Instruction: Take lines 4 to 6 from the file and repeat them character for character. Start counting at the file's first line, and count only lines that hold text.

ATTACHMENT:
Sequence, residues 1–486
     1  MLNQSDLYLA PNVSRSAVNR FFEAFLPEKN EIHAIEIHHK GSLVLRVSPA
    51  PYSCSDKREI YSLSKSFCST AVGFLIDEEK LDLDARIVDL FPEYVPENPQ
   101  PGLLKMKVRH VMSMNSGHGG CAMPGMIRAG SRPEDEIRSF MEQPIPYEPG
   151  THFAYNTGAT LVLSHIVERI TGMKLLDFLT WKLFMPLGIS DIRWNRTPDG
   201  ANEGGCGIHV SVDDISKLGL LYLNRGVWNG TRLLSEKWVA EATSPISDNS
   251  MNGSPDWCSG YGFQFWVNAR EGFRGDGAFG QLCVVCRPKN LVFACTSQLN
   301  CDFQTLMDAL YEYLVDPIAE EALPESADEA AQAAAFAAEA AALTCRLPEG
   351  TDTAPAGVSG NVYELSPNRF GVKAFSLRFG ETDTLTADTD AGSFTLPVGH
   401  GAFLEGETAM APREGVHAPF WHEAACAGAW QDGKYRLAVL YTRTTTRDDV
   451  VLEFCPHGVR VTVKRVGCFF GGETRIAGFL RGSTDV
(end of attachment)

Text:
   101  PGLLKMKVRH VMSMNSGHGG CAMPGMIRAG SRPEDEIRSF MEQPIPYEPG
   151  THFAYNTGAT LVLSHIVERI TGMKLLDFLT WKLFMPLGIS DIRWNRTPDG
   201  ANEGGCGIHV SVDDISKLGL LYLNRGVWNG TRLLSEKWVA EATSPISDNS